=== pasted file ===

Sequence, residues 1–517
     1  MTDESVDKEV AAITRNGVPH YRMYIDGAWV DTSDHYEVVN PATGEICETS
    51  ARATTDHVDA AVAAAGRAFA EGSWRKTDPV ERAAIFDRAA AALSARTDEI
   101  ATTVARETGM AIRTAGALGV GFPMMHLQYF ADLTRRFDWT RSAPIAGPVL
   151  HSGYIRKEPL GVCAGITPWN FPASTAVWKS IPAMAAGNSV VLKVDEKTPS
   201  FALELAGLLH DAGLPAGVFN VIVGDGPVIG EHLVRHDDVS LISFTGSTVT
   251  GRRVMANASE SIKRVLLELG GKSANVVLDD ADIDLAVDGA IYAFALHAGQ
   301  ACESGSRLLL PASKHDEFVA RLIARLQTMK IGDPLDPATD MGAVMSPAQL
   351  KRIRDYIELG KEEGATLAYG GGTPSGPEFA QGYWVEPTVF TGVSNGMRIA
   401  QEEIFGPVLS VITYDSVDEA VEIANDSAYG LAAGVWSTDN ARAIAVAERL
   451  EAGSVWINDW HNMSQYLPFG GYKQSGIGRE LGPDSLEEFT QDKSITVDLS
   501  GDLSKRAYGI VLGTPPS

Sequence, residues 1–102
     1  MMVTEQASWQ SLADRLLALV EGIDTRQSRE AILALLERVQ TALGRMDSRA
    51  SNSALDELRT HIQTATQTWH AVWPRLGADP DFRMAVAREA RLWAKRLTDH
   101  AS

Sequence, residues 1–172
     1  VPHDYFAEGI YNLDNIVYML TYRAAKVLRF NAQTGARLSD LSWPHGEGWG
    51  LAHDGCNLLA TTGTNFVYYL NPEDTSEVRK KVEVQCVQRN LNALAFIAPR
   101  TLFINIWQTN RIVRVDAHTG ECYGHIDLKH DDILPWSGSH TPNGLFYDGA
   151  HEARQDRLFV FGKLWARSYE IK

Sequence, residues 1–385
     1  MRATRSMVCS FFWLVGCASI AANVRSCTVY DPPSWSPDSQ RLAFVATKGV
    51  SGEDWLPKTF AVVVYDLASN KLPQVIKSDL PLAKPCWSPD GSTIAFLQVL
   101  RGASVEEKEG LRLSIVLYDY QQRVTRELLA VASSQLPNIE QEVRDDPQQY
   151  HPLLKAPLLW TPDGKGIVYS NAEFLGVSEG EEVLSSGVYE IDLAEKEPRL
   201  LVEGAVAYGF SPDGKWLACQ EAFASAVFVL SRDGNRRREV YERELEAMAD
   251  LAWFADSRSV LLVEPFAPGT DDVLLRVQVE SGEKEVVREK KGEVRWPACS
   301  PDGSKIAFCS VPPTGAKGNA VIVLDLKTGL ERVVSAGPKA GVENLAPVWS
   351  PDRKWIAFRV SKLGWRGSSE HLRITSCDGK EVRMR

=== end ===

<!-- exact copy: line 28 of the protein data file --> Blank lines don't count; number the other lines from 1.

   251  LAWFADSRSV LLVEPFAPGT DDVLLRVQVE SGEKEVVREK KGEVRWPACS